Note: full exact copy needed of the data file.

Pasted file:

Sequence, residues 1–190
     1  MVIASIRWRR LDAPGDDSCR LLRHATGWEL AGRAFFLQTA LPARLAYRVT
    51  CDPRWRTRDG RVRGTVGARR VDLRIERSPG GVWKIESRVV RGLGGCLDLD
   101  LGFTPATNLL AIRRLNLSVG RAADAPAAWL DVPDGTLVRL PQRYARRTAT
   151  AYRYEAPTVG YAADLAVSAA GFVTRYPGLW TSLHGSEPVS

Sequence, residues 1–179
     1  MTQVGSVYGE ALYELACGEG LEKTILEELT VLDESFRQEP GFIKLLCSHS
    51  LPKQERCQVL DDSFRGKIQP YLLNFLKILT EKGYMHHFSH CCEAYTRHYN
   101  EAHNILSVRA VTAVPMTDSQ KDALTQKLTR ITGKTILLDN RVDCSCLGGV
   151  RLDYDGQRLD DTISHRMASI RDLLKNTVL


Sequence, residues 1–190
     1  MVIASIRWRR LDAPGDDSCR LLRHATGWEL AGRAFFLQTA LPARLAYRVT
    51  CDPRWRTRDG RVRGTVGARR VDLRIERSPG GVWKIESRVV RGLGGCLDLD
   101  LGFTPATNLL AIRRLNLSVG RAADAPAAWL DVPDGTLVRL PQRYARRTAT
   151  AYRYEAPTVG YAADLAVSAA GFVTRYPGLW TSLHGSEPVS

Sequence, residues 1–179
     1  MTQVGSVYGE ALYELACGEG LEKTILEELT VLDESFRQEP GFIKLLCSHS
    51  LPKQERCQVL DDSFRGKIQP YLLNFLKILT EKGYMHHFSH CCEAYTRHYN
   101  EAHNILSVRA VTAVPMTDSQ KDALTQKLTR ITGKTILLDN RVDCSCLGGV
   151  RLDYDGQRLD DTISHRMASI RDLLKNTVL